Local pensioners crippled by exhorbitant insurance hikes

Peter Chapman
Peter Chapman

WHEN it came time for Goodna couple, Sandra and Russell Pope, to renew their home insurance they were expecting to pay a small year on year increase.

What they received in the mail was much more than a small increment and it has left them shaken.

Their 2022 bill of $1812 had ballooned to $6437, an increase of a whopping 255%.

This was despite the fact their small rustic home hadn’t flooded in almost 50 years, although they admitted they had a few anxious moments during last year’s January deluge.

Sandra said the increase from their insurers had them scrambling to find a better deal elsewhere.

“We tried everyone, but once they saw the Goodna postcode of 4300 on our application many didn’t even want to talk to us,” she said.

TAKING A RISK: Goodna’s Sandra and Russell Pope had no choice but to cancel their flood insurance.
TAKING A RISK: Goodna’s Sandra and Russell Pope had no choice but to cancel their flood insurance.

“Some like NRMA gave us huge quotes, it really said to us they don’t want to have us as a client.

“When we queried one insurer’s exorbitant offer, they told us it was high because roads around us had been closed in the past during flooding and that meant if our house caught on fire local brigades wouldn’t be able to attend. I just couldn’t believe that excuse.”

The search for a reasonable quote proved a frustrating time for the Popes who approached every insurer in the phone book with some not even bothering to give them a quote.

Every dollar is important to Sandra and Russell as they live a frugal life on the pension with Sandra the full-time carer for her husband who suffered a stroke almost 10 years ago.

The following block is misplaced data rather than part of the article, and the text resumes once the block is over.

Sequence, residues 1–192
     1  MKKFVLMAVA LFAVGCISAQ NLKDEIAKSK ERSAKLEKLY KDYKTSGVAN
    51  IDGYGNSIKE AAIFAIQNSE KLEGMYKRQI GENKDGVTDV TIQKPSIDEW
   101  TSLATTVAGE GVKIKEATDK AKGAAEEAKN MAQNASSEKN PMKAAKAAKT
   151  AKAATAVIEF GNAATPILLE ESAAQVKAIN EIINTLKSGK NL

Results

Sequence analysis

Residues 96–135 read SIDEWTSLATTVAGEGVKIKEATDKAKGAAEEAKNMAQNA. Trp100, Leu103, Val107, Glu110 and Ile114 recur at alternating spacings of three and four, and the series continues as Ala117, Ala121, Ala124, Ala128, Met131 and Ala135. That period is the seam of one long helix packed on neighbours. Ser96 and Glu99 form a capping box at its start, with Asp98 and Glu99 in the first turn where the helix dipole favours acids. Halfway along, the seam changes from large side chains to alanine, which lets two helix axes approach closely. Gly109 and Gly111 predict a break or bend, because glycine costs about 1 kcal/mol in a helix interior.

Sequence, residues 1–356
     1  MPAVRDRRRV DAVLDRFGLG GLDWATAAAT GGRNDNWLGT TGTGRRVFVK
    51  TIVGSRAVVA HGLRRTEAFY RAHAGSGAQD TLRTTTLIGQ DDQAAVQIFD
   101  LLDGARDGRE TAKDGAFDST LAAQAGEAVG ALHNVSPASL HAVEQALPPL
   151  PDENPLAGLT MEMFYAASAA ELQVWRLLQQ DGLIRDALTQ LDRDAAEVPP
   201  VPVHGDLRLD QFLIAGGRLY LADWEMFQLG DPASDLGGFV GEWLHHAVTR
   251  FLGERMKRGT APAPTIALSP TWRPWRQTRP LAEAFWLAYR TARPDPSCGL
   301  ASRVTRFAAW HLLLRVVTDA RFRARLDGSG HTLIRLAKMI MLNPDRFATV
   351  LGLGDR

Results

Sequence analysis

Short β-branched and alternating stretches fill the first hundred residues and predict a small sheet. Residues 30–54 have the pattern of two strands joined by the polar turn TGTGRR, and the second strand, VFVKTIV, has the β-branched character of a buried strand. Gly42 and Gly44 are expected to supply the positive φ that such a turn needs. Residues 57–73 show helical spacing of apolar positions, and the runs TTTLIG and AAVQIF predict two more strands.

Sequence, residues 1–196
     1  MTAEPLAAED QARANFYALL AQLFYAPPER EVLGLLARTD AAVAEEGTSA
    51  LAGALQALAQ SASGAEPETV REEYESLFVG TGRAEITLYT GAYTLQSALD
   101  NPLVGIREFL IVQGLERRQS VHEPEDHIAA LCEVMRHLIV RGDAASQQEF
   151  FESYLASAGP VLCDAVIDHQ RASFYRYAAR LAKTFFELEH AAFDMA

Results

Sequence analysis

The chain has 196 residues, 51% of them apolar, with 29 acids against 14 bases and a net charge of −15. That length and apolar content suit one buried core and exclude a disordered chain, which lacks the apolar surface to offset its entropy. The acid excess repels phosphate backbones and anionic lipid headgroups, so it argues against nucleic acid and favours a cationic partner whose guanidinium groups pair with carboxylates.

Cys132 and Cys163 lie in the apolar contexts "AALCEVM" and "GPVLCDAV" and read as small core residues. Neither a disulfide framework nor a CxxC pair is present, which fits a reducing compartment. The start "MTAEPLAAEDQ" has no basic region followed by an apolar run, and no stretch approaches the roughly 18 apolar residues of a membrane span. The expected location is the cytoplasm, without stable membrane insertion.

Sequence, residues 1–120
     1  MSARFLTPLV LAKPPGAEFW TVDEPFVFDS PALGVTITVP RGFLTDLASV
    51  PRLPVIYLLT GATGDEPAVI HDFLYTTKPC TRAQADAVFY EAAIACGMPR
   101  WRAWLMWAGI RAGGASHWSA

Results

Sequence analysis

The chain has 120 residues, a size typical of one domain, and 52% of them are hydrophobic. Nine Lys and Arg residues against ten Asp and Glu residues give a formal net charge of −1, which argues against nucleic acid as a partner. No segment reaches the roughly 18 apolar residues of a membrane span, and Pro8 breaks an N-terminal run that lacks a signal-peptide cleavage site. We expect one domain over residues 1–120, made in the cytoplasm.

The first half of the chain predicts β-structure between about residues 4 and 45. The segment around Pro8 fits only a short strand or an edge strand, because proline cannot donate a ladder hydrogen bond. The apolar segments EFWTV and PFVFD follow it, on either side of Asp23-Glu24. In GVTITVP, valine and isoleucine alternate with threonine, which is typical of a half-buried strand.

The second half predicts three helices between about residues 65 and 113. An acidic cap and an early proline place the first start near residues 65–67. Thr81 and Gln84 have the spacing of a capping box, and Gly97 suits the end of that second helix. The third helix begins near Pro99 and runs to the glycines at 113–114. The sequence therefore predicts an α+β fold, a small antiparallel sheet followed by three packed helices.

In the end they opted to take up a quote from Alliance, but unfortunately the new coverage doesn’t include flood insurance.

“We simply couldn’t afford the flood premium, so we just decided to roll the dice and hope the water never reaches us,” Russell said.

Ipswich Councillor Paul Tully was contacted by the Popes over their dilemma, but he could only tell them their story was like many others.

As a victim himself during the 2011 flood, he called for an inquiry some time ago to investigate price gouging by insurance companies including postcode discrimination where insurers slugged householders based on their postcode and not their liability to flooding.

He has now welcomed the fact the Federal government has launched that inquiry into the insurance industry focusing on their handling of claims following the 2022 floods in Queensland and NSW.

“Postcodes were introduced in 1967 in Australia to speed up the processing of mail, not for insurance companies to make blanket decisions about premiums and insurance cover.

“Another householder in Lower William St Goodna was treated like a second-class citizen by a major insurance company with unreasonable demands by them to process a claim following the 2022 flood.”

Cr Tully said the inquiry needed to expose the shoddy and rapacious practices of insurance companies.

“They need to be held accountable for ripping off consumers and fleecing them when claims are made,” Cr Tully said.

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